# Rings of algebraic integers as quotients of polynomial rings

The ring of integers $\mathcal{O}_K$ of a number field $K$ is always isomorphic to some ring of the form $\mathbb{Z}[x_1, ..., x_r]/\mathfrak{p}$, where $\mathfrak{p} \subset \mathbb{Z}[x_1, ..., x_r]$ is a prime ideal. I would appreciate any reference to a source where any of the following questions were discussed:

i) Which quotients $\mathbb{Z}[x_1, ..., x_r]/\mathfrak{p}$ do occur as rings of algebraic integers of number fields? ($\mathfrak{p}$ cannot be maximal; what other restrictions are there for $r$ and $\mathfrak{p}$?)

ii) What can be said about the minimal $r$ such that a given $\mathcal{O}_K$ is isomorphic to $\mathbb{Z}[x_1, ..., x_r]/\mathfrak{p}$? (It is at most $[K : \mathbb{Q}]$ and is sometimes larger than $1$; given $d$, do all values $1, 2, ..., d$ occur for some $K$ of degree $[K : \mathbb{Q}] = d$?)

iii) What can be said about the minimal number of generators of $\mathfrak{p}$, when $\mathcal{O}_K \cong \mathbb{Z}[x_1, ..., x_r]/\mathfrak{p}$ and $r$ is minimal? (Does it sometimes have to be "very large"?)

Thank you!

• For (ii), see mathoverflow.net/questions/21267/…, including the comments. – KConrad Oct 9 '14 at 10:36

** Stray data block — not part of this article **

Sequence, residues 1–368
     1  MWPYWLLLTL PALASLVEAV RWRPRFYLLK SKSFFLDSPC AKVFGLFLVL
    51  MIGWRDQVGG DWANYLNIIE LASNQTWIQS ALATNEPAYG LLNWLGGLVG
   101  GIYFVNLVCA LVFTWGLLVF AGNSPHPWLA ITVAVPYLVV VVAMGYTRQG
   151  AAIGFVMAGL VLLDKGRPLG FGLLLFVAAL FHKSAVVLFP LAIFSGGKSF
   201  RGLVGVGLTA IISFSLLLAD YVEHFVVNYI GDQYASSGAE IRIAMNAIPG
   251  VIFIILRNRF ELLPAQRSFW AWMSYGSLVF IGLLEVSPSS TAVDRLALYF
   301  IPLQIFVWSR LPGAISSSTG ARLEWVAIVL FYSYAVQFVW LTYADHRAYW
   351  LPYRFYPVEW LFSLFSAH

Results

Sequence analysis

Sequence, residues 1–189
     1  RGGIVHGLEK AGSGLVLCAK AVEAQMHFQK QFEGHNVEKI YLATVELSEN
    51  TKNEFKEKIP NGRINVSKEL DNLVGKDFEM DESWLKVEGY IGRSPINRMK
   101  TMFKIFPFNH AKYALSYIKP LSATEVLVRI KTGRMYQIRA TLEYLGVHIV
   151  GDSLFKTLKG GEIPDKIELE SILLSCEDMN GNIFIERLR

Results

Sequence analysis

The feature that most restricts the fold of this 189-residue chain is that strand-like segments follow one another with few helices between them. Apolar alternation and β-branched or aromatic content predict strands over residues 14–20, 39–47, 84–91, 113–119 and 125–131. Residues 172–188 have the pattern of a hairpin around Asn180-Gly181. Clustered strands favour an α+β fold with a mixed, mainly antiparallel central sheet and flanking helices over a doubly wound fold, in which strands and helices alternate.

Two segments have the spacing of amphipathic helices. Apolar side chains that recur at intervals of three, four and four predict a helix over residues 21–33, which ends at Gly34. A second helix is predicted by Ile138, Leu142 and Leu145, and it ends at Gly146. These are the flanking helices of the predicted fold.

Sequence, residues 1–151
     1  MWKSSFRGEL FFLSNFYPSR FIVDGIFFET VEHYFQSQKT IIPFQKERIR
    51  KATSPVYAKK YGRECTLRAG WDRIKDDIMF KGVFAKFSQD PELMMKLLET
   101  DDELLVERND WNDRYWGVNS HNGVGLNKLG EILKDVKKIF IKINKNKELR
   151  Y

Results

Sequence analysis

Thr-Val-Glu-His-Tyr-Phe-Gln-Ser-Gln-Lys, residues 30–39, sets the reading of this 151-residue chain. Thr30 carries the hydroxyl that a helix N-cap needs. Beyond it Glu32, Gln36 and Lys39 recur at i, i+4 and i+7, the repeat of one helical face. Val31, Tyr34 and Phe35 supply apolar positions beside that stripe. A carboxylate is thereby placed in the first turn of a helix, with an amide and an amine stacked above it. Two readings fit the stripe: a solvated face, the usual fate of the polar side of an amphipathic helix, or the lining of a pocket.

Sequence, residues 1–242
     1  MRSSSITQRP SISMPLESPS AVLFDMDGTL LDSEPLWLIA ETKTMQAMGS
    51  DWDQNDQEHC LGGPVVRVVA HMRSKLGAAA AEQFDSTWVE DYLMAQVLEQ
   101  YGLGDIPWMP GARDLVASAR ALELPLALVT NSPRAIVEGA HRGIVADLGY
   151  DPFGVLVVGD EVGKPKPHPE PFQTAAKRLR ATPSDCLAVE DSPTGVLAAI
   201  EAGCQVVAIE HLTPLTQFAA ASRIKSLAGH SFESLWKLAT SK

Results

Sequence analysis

• For (i): Obvious restrictions for $p$ are: $\text{codim}(p)=1$; $p \cap \mathbb{Z}=0$; there is some $f \in p$ such that $f(0)\neq 0$; the content of each $f \in p$ is $1$. – tj_ Oct 9 '14 at 11:55
• Thank you; I was not aware of the result of P.A.B. Pleasants that mostly clarifies ii). For i), many quotients of one-variable polynomial ring would fail to be rings of integers e.g., for reasons other that already mentioned by tj_; since question i) is not well-defined, I am glad for any remarks that makes the setting clearer. – Albertas Oct 9 '14 at 13:34
• 2 tj_ : the remark about content seems imprecise ($2f$ must be also be in $\mathfrak{p}$, since $\mathfrak{p}$ is an ideal). – Albertas Oct 9 '14 at 13:43
• @Albertas: Yes, it's indeed imprecise. The correct statement is that $p$ is generated by polynomials of content $1$. – tj_ Oct 9 '14 at 23:01